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Knowing design patterns won't be much use until you know why they are the best strategy for a given problem. Learning design patterns from the very beginning is probably fine, except you've missed all the "wrong" ways to solve that problem, which in turn means you may be missing subtle difference in when to use the given pattern and when to not use it.

The only thing worse than people who stick to their old ways and don't bother learning the proper way, is people who learn the proper way and don't bother learning why that way is proper. And they keep applying it to stuff that it shouldn't be applied to, because they just don't know better.

So my point is, if you're new at web development, don't be too caught up in the design pattern hype (though it's a good hype). Learn by doing stuff yourself. When you've reached a certain level, read up on design patterns and see where they could have been applied to have made your code better.

THAT is how you learn them properly. Not like being forced to run before you can walk.

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For web applications, understanding at least at a rudimentary level the patterns described in Patterns of Enterprise Application Architecture has proven valuable to me. Gang of Four patterns are worth knowing, too.

But I would argue that you simply don't need encyclopedic knowledge of patterns to get started. A cursory understanding will help you understand where to look when you start to encounter friction between your ideas/business problems and your code. I had a couple of weekend trips that allowed me to plow through these two books in their entirety, but I still find the detailed information in the patterns section more useful as a reference than as background knowledge.

Reading just the "Part 1" sections of the GoF or PoEAA will help you far more than learning three or four patterns in depth, because you'll know where to look when you encounter problems they describe. And you can look up the details of most of the patterns they describe online.

GoF patterns that I use directly or indirectly, often unconsciously, in web development, include: Observer, Command, Composite, State, Strategy. I usually don't use Singleton except as a client of logging and service locator/dependency injection tools. PoEAA patterns that I use regularly, usually unconsciously, or incidentally as a part of the data access strategy or web framework I'm using, are Active Record, Application Controller, Data Mapper, Domain Model, Gateway, Lazy Load, Layer Supertype, Page Controller, Template View, and Value Object. That's not exhaustive; these are just a few that popped into mind.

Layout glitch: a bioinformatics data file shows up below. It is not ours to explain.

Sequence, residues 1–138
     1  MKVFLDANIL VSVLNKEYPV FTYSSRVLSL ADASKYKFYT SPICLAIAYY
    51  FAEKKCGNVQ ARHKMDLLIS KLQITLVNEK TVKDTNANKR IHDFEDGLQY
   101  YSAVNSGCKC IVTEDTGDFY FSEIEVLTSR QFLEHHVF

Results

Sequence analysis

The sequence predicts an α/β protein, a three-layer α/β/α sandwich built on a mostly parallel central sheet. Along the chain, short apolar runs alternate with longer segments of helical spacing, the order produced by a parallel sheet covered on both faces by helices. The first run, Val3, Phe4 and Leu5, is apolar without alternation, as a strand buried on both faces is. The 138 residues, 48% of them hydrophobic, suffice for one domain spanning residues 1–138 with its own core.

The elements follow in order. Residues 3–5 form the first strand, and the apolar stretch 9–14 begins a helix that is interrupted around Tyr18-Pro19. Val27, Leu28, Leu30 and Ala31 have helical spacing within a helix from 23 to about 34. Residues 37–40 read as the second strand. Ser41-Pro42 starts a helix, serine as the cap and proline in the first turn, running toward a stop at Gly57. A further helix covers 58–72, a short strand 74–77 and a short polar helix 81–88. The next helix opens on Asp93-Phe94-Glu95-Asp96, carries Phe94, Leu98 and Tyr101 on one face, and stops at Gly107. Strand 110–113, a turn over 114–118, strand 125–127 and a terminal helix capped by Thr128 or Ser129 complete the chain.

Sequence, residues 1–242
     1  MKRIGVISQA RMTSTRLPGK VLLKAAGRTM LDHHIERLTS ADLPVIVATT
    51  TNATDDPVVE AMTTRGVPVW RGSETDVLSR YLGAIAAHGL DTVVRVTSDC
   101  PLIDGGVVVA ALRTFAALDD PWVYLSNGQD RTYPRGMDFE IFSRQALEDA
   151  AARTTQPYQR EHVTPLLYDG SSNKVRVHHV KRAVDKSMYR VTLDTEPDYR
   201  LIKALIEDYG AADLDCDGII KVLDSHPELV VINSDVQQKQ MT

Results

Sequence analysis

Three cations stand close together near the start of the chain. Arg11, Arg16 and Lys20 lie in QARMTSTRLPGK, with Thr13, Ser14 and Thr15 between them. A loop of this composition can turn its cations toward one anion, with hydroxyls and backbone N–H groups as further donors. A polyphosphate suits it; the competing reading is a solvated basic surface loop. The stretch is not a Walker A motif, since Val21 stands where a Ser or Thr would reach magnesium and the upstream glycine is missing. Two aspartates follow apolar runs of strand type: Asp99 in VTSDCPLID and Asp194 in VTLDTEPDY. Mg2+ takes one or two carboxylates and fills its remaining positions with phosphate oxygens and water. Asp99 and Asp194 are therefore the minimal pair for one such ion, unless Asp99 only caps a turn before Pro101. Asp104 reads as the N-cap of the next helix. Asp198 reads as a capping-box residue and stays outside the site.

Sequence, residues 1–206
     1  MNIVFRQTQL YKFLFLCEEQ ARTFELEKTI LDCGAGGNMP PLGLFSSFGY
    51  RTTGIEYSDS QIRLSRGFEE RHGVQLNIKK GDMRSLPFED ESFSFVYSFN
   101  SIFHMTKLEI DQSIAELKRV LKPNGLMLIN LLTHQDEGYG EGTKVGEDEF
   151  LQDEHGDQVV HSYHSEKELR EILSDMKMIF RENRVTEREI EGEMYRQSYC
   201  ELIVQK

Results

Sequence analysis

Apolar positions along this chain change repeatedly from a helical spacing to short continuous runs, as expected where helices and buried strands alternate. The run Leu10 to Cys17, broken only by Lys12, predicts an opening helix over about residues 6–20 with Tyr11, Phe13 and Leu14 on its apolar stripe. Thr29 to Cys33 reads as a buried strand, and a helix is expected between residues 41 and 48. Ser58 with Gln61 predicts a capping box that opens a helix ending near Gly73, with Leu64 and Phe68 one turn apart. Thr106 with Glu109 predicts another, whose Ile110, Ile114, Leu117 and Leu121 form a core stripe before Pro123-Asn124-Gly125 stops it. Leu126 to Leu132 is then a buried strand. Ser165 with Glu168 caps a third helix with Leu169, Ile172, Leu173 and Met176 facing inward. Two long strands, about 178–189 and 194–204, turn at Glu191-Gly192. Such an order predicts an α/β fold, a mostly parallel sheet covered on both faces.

Most of those are probably more usefully learned by starting with an opinionated web development framework, like Rails, Django, or Castle Monorail, than in the abstract. After all, patterns were identified and extracted from thousands of successful app development experiences, not invented and then glued on because they sounded clever.

It's pretty easy to get overly excited by better-than-superficial knowledge gained on one or two patterns and then seeing "only nails" for every problem you see shortly thereafter and trying to hammer an ill-fitting pattern into a solution because you understand how it works.

So, learn patterns, yes; get a superficial overview of the motivations of all of the commonly used ones, but don't feel like you have to wait to write serious code until you understand some arbitrary list of them.

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MVVM is a newer one I have seen used with Silverlight. It's a bit much, but it seems effective.

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Do you not mean MVVM or Model View ViewModel? If not that's a new one to me. –  Finglas Jan 13 '10 at 21:32